Monday, February 3, 2014

First reader

After reading chapter 2 and 5 from the book I had some mixed emotions. On one hand when reading how throughout history healthy diets have been promoted in the United States, but we are not getting healthier, only fatter. This is unfortunate because in the reading we discover how there is an increase of health complications such as cardiovascular disease, hypertension, type 2 diabetes, anemia, malnutrition, some types of cancer, and much more. Thinking about this, I am unfortunately not surprised because in every health class I have taken I heard this before, I heard that we are not getting healthier and it’s our fault for now following the healthy diet guidelines. This is where my mixed emotions come in. We read so many articles that discuss how we are unhealthy and how we should take better care of our health, yet the issue is not being solved. In the reading, they even mentioned that one of our problems is that families are making less and less home meals to spend family time at the dinner table. This is unfortunate, because growing up my family always had family dinner every night, it was the time to eat healthy and catch up on our days. Now, being a college student it is completely different. I see myself ordering fast food every other day, eating unhealthy foods at the dining hall, and if not that then I am in my dorm eating packs of ramen!
            Pertaining to chapter 5 in the book, I wasn’t too surprised to see how milk has been proven to show it increases growth in children. Everyone says oh drink milk and you will grow strong and healthy, but I listen to them and say oh really, you need milk to be strong and healthy, and then I think of myself, someone who NEVER drinks milk, only in my cereal. I am 6 feet tall and have never broken a body in my bone. The only complication that I have ever had was that I tore my rotator cuff playing baseball, although that wasn’t due to lack of milk. In some cases however I do see people that don’t drink milk and become pretty ill or sickly looking.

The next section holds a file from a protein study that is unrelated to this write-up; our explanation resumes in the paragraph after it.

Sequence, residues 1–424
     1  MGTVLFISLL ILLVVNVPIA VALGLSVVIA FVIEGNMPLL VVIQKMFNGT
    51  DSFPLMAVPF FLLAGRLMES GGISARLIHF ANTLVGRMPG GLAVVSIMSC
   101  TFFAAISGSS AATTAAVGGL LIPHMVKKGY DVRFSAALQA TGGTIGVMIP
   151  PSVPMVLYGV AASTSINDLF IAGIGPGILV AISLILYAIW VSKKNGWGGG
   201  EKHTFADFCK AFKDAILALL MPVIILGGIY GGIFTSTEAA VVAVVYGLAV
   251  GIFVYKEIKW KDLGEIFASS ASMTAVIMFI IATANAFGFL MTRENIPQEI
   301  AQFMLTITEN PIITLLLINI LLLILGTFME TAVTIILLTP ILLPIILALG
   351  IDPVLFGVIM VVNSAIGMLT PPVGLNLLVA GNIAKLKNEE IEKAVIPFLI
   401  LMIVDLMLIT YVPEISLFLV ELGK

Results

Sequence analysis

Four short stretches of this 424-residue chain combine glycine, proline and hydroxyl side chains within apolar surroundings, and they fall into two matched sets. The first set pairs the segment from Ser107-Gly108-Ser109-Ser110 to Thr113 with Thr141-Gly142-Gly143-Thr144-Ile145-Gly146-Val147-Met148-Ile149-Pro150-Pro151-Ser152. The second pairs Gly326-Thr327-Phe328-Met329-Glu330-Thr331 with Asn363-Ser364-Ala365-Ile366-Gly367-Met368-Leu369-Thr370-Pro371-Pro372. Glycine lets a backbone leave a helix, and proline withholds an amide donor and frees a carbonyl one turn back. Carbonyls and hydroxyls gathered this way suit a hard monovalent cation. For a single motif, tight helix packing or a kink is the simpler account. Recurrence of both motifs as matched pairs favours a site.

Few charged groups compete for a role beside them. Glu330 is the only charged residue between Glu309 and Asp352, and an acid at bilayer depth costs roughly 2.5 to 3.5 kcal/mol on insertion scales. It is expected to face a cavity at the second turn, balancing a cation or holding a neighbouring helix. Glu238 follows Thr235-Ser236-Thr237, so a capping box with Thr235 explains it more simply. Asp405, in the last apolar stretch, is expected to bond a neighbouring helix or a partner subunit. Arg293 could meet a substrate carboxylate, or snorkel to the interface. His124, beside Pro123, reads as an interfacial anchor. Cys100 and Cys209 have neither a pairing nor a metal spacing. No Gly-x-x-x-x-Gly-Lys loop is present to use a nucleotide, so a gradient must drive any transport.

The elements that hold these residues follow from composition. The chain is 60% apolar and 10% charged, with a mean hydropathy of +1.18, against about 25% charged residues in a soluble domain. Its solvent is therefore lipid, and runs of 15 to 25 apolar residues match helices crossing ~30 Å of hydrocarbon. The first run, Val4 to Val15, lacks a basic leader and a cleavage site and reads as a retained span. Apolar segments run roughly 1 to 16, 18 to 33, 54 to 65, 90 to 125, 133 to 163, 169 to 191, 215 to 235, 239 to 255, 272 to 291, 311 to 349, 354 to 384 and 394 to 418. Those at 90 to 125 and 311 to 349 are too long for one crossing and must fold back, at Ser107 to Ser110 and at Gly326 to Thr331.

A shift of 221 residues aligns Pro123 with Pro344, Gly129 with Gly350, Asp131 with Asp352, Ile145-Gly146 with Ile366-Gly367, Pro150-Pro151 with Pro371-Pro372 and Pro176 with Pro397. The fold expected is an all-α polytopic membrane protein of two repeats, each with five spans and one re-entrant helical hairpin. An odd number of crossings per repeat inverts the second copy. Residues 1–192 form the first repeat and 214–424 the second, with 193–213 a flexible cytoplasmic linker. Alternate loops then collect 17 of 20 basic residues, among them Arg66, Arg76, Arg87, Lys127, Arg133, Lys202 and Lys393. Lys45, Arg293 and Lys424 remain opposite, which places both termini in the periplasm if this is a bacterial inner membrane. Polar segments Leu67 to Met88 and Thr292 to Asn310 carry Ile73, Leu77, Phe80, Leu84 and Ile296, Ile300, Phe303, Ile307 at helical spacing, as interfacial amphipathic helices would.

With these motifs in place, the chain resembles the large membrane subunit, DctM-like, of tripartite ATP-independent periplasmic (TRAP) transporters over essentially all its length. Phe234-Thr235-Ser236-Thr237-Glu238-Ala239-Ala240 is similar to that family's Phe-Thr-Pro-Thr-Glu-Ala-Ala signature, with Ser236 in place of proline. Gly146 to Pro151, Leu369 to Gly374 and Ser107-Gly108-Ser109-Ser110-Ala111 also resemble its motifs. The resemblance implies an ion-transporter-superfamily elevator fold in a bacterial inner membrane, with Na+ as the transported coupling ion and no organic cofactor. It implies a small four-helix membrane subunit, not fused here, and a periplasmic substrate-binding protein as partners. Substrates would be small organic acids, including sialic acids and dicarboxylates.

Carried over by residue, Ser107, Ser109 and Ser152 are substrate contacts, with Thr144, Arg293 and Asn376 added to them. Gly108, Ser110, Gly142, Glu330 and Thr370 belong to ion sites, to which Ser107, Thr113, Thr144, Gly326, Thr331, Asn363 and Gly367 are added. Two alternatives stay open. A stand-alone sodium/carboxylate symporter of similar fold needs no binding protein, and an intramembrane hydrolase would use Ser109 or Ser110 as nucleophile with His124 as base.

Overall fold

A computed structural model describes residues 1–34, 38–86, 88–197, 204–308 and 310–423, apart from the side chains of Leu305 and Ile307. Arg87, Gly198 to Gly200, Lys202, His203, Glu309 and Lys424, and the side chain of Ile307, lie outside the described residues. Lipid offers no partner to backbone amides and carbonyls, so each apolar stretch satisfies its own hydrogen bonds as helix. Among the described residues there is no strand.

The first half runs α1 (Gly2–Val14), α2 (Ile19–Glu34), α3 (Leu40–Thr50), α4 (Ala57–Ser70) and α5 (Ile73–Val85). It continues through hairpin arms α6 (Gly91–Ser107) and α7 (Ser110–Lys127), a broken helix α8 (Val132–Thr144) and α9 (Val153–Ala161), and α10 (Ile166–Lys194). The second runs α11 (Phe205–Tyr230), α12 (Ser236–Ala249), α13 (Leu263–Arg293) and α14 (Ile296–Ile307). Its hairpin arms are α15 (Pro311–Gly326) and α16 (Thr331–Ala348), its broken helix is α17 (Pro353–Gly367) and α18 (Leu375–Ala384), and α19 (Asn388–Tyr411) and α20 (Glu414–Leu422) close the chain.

1. After reading Chapter 5 and your response to this reading I became interested in common misconceptions of milk that are circulated throughout the media that are in tension with the Got Milk campaign. Without getting into the specifics of why or why not milk may be bad for you it sounds like a good idea. Calcium, calories, nutrients, it helps infants grow, so in the broader sense of things it would seem to be good for adults. The Got Milk campaign states that milk helps build strong bones and is essential to the diets of children due to its calcium. Some people state that calcium can be had through other foods, and animal proteins account equally for this growth. It has been argued this way and that as the chapter illustrates, but I had different questions. For instance, why do human beings consume milk of another species? That is unusual if one really thinks about it. If a cow produces milk that is essential to the development of a calf, it may not be suited for another species’ nutritional needs. After watching many documentaries on the food industry that explained the way dairy and other foods are treated, I wondered about the additional health threats that the chapter did not mention. Even though my role is not searcher I found an interesting and compelling chapter on milk and dairy from the book “Skinny Bitch” by Rory Freedman and Kim Barnouin. They unpack and debunk the argument that milk is essential to our diets. The authors address the issues of the treatment of both the animals and the dairy products. They address the occurrence of lactase impersistence after weaning as another reason why milk is not the best choice. They cite a plethora of research and data to back up their results, the book itself is easy to read, credible, and awesome. They state, and I paraphrase, that cows are overworked producing ten times their natural output of milk, and they are injected with hormones and steroids for maximum output. They are subject to infection from the machinery they are hooked up to and are treated for infections with antibiotics. In response to these treatments the product is pasteurized, killing off enzymes that make calcium absorption possible. All these things plus pesticides from the cow feed are apparent in the final product (60-61). According to the authors and their sources dairy products have been linked to a range of mild to serious problems, some that include: heart burn, indigestion, heart disease, obesity, diabetes, breast cancer, ovarian cancer, prostate cancer and more (58-59). Some of those may be a long shot but unfortunately some of those make sense. I would recommend this book!